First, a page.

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EDITORIAL: Sort out service at airport


BARBADOS NATION

EDITORIAL: Sort out service at airport

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OVER THE NEXT decade Barbados will spend millions of dollars on upgrading the Grantley Adams International Airport. Given the importance of the sole airport to the country’s economy, particularly the contribution to foreign exchange, such an investment is a necessity.

But it could come to nothing if we do not address the vexing issue of customer service at the airport.

This is why the authorities at Adams International should not be defensive about complaints of poor customer service and should be happy for customer feedback, regardless of the origin. If the complaints are there for all to see, then the logical thing to do is to fix the problems.

The Barbados Hotel and Tourism Association has consistently and publicly complained about the long time it takes to get out of the arrival hall. We are all well aware that when passengers arrive in Barbados, or are about to leave, they want to have comfort, convenience, cleanliness and customer service of the highest quality.

There is nothing to gain from trying to compare a long wait at Adams International with a similar experience at Miami International or JFK, New York. Barbados must aim to be the best rather than be ranked with the airports in Manila or Islamabad, or worse still, be considered the worst in the Caribbean.

It must be in Adams International’s best interests to offer top-quality customer service that would encourage people to post favourable views on social media, to give positive word-of-mouth comments, and to genuinely have a good experience. This must be so whether it concerns visitors or residents.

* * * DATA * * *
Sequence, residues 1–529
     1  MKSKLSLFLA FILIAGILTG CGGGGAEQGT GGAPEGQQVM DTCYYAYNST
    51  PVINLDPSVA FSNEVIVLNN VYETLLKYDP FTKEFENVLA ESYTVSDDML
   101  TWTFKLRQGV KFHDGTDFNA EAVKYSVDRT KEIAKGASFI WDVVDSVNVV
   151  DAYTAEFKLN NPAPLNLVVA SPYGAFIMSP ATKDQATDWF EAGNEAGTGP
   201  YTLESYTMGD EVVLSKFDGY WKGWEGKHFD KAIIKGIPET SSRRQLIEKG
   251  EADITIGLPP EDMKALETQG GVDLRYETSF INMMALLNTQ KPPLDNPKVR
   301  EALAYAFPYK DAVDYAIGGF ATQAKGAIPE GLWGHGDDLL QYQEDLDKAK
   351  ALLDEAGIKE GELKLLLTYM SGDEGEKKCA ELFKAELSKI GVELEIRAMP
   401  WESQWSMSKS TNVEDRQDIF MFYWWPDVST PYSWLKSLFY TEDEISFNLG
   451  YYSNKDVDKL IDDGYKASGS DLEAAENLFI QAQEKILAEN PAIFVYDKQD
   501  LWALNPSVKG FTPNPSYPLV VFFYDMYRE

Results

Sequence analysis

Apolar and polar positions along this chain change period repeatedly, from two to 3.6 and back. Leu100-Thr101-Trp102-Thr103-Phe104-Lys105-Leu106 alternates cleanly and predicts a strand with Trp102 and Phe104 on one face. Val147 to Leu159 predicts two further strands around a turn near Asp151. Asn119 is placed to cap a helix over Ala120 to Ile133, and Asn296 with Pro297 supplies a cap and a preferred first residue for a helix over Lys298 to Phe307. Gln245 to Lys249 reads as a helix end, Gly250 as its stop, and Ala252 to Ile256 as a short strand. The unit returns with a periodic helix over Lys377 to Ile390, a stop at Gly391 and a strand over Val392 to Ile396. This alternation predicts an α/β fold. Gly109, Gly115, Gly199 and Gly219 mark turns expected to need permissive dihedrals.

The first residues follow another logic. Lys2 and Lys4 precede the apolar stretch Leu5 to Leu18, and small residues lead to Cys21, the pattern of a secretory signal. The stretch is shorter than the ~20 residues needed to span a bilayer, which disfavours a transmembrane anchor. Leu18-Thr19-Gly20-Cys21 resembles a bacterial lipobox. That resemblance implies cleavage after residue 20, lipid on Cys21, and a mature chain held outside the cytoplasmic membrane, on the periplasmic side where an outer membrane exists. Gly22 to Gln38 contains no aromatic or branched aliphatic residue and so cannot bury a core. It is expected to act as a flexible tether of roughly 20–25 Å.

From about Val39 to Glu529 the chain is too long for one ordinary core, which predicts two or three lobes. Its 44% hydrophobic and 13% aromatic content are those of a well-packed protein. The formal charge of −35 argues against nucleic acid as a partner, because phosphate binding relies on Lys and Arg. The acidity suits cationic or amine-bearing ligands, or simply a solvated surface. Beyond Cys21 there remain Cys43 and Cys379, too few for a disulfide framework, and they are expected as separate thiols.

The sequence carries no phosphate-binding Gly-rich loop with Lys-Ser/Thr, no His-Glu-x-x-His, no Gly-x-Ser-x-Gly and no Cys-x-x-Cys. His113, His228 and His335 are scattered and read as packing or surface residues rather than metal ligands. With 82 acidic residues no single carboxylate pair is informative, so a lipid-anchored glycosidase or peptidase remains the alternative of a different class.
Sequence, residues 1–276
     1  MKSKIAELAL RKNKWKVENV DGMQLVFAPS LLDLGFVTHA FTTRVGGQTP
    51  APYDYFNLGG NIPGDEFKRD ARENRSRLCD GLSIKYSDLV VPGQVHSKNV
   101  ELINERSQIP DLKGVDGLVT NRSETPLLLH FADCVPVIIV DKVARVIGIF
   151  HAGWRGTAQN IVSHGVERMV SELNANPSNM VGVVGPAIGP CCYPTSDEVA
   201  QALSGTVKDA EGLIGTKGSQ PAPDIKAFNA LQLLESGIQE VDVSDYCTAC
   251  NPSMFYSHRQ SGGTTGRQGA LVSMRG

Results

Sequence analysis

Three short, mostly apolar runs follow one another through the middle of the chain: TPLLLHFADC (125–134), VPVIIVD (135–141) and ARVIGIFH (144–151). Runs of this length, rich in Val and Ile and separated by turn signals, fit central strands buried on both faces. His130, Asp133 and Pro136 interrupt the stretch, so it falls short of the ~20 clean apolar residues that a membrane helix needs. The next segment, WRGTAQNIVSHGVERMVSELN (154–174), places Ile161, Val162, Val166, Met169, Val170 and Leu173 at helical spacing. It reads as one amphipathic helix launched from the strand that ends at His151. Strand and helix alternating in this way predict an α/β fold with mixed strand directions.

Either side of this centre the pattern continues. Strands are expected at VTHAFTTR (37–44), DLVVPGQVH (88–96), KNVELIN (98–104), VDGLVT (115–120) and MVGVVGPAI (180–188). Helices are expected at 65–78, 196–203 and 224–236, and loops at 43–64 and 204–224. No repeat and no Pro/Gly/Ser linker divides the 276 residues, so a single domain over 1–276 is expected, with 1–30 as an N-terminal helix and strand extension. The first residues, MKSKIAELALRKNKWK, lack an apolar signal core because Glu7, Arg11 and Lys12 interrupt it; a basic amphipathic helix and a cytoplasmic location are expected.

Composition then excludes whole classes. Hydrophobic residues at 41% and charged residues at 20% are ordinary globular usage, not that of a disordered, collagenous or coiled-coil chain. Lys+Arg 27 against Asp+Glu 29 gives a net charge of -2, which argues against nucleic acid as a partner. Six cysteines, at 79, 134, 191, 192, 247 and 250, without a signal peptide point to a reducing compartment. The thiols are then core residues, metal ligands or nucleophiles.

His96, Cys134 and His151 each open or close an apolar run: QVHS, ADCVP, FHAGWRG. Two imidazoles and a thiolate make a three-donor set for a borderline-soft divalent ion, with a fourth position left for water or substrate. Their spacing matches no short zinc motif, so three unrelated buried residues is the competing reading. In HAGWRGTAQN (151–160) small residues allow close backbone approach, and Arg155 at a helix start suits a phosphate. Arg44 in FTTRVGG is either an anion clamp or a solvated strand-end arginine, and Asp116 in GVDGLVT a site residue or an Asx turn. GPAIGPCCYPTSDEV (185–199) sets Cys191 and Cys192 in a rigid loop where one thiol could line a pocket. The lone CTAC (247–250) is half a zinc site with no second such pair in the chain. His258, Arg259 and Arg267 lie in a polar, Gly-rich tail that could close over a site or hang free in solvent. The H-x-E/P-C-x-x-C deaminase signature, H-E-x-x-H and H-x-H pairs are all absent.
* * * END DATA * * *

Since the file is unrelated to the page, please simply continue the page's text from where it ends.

While the implementation of relevant technology, from self-service to mobile applications, are necessary, it will be people on the front line who will be responsible for the overall passenger experience that make a real difference. Not only the passengers are watching, but also airlines and foreign governments who may not take to social media to vent, but will make their views known where it matters.

For Barbados, which would like to become a US Customs and Border pre-clearance location, the overall customer service at Adams International must improve for passengers arriving or leaving.

Travellers fresh from long flights are not in the mood to spend an excessive time at another airport. Yes, security must not be compromised, but customer satisfaction must be maintained. As the country prepares for the winter tourism season and the hope of an even greater influx of passengers, we simply must get it right at our airport.

We ignore the complaints to our peril.

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